¿Cómo crear un clon o copia de matriz asociativa completamente independiente en javascript, es decir, sin referencias a los valores de datos originales?

I have been trying clone the following in such a way as to avoid all referencias to the original data:

  • initially, a d3.js selection, using the clone_d3_selection() method but which, though correctly duplicating DOM elements, maintains references to selection data (the d parameter in function calls)..

  • the array at it's heart, extracted using d3's selection.data() function. Cloning seems to fail in part because the target structure appears to be a mix of object and array, but moreover because what are claimed to be clones generally maintain references to the original data, meaning changes to one are reflected in the other. A further (but minor) issue has been that (generally) null elements were being copied...

Note: JSON.parse(JSON.stringify(object)) is of no use in either case, as it applies to objects, whereas d3 uses / coerces / outputs arrays).

Applied to an array, in all respects EXCEPTO that it too replicates references, an object clone/copy function of the type shown below works fine. Despite the preserved references, it has been provided (and accepted) as a resolution to many a javascript-tagged object-cloning question.

function transfer(obj) {
    var result = [];
    for (var property in obj) {
        if (obj.hasOwnProperty(property)) {
            result[property.toString()] = arr[property];
    return result;

I, however, really need completa independencia from the current/original. Seems no matter what I do, references are copied.

How do I know? At regular intervals, the current selection/array is a) cloned then b) -with no further direct changes- designated previous. Beyond this point, any changes made to the clone are instantly reflected in the original - and remain through it's redesigation into previous.. The whole point of the clone was to evitar esto..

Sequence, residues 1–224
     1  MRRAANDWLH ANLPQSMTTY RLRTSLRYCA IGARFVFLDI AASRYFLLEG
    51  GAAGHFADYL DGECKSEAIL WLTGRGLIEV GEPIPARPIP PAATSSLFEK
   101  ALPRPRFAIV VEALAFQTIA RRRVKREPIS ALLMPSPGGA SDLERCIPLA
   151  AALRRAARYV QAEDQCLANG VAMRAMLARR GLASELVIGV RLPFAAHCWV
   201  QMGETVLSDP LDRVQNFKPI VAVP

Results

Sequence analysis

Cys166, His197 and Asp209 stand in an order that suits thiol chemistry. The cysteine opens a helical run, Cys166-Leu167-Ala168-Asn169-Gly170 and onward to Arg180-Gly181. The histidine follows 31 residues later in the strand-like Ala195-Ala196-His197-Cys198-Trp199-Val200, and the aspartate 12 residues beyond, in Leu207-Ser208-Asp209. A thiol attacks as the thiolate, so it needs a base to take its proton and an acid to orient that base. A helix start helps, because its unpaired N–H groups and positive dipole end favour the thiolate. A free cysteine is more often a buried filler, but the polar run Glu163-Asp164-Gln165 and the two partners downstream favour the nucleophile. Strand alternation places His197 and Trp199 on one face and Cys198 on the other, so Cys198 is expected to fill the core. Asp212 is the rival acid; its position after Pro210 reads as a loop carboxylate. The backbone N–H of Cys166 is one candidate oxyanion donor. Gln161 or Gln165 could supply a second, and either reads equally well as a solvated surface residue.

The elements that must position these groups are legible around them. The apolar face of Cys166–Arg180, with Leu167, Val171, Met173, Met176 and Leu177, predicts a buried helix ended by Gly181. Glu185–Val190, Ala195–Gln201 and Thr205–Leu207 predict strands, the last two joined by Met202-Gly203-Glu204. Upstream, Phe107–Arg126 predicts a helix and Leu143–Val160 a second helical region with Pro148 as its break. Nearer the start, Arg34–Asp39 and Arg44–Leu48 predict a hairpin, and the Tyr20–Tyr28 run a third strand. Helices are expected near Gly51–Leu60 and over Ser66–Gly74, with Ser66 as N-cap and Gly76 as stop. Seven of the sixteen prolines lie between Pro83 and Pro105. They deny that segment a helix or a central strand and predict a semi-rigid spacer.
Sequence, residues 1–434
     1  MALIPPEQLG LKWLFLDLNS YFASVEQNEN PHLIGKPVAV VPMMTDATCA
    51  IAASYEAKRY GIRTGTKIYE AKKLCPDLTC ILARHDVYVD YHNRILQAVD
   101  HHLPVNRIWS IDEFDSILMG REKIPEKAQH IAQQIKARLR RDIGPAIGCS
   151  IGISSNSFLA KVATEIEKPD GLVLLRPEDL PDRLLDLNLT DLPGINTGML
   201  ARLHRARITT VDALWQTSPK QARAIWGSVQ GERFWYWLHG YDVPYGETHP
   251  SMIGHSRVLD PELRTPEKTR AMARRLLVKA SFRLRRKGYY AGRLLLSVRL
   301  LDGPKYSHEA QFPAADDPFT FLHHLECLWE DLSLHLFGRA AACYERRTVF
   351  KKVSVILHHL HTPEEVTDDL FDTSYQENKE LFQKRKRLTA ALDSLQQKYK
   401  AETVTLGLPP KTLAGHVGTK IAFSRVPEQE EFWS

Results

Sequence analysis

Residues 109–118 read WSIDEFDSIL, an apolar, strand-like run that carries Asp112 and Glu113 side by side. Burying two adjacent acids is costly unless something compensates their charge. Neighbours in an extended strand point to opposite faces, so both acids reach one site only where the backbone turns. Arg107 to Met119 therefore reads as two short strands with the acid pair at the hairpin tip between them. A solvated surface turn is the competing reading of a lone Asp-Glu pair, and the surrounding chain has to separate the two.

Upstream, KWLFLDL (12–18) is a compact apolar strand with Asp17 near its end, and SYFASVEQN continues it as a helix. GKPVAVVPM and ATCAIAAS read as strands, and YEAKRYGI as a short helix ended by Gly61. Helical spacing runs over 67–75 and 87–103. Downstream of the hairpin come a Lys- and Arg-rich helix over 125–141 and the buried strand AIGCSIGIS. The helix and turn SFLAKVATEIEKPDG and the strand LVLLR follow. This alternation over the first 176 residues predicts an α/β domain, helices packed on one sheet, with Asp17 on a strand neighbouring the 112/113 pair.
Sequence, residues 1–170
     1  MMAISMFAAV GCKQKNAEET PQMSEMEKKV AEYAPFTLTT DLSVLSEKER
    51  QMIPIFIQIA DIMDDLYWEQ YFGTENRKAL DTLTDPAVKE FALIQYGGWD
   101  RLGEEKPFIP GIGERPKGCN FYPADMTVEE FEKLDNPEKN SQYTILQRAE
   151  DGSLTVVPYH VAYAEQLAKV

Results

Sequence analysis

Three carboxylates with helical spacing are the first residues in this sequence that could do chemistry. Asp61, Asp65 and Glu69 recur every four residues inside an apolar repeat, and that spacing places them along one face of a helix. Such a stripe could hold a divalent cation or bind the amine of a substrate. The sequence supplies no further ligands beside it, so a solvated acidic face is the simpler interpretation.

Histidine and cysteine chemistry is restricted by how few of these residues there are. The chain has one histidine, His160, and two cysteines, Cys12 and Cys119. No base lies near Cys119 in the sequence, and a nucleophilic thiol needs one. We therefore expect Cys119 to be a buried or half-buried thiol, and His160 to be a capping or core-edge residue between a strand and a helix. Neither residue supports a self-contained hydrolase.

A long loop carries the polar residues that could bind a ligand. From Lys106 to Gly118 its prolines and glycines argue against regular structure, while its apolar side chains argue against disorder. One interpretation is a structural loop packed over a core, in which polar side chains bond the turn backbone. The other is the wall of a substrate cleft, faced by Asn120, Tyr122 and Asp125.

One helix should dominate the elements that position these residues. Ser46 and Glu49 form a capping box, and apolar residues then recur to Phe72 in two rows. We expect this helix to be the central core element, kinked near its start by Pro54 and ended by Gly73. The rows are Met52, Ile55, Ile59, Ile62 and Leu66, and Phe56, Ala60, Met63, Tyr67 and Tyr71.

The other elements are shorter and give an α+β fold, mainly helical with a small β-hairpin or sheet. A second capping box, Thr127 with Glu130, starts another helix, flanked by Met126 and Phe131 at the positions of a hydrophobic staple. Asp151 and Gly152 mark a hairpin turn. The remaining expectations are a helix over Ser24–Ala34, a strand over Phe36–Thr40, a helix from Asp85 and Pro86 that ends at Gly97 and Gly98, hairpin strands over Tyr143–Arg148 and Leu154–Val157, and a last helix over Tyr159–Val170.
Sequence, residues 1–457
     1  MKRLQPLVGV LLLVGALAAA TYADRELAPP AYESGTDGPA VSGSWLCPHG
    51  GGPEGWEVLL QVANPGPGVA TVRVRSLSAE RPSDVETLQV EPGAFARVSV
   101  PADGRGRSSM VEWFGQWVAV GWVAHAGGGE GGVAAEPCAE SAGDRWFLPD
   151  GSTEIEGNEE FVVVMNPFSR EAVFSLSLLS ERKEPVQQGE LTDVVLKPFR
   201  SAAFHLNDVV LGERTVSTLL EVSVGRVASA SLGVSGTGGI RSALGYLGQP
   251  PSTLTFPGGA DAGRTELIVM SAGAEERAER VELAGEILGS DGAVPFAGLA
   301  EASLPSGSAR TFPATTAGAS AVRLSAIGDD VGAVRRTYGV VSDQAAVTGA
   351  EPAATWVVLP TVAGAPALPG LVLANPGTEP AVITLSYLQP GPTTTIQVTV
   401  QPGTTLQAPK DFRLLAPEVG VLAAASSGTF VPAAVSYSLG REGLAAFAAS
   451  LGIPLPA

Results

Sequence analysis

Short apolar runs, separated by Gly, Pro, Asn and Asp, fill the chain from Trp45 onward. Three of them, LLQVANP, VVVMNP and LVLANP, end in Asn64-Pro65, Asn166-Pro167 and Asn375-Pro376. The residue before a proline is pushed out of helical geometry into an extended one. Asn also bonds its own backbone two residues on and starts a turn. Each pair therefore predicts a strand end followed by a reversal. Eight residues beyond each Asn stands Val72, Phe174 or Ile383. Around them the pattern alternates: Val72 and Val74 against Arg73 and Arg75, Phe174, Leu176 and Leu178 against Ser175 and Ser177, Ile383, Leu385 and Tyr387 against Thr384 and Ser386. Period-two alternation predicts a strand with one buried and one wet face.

--------> current ------> clone
   ^         :
   :         v
   :      previous
   :         :

Is there a better way, or might the code above be modified so that it provides a new, completely independent array, but bearing the same data values? Might this even be done directly to the original selection in a d3-centric ¿camino?

Incidentally, the array being cloned is simple enough, having been created along these lines:

var arr = [];
arr["key1"] = "value1";
arr["key2"] = 2;
 :     :      :

... followed by the accustomed d3 append() call chain.

Incidentally, every attempt at a simulation outside my rather large codebase has become mired in data formatting issues. Just astonishing what a minefield this is..

Glad of any suggestions. Thanks Thug

preguntado el 12 de junio de 14 a las 11:06

You're asking about an array, but in your sample array you're treating it like an object. Try posting a sample and write down the expected behaviour -

Yes, seems like you're completely mixing up arrays and objects. Read up on esta publicación, it is not advised to set custom array indexes like that. To produce an exact copy of an array, you could push all the properties to a new one in a for loop. Or use underscore.js _map function or the likes in other libraries. -

@Tyblitz He might need it to be recursive, in case he has nested arrays and objects -

If I'm mixing up things, it's because it took an desordenado time to find a code that would copy associative array key/value pairs in the first place but leave undefined elements behind. If there is a better alternative, I'm all ears. @thedude At this point, there is no recursion issue. -

@user1019696 Like I wrote earlier, it would help if you posted a sample. Write down the expected behavior (including excluding undefined) and show an example of how it's not working with your version. -

1 Respuestas

To deep copy an array as retrieved from a d3.js selection using selection.data():


This link (were it more easily found) turns to be provided in other answers, making this question something of a duplicate.

The problem will be encountered more frequently as d3.js's limits are pushed, though, so rather than delete it, here it stays...

Respondido el 16 de junio de 14 a las 09:06

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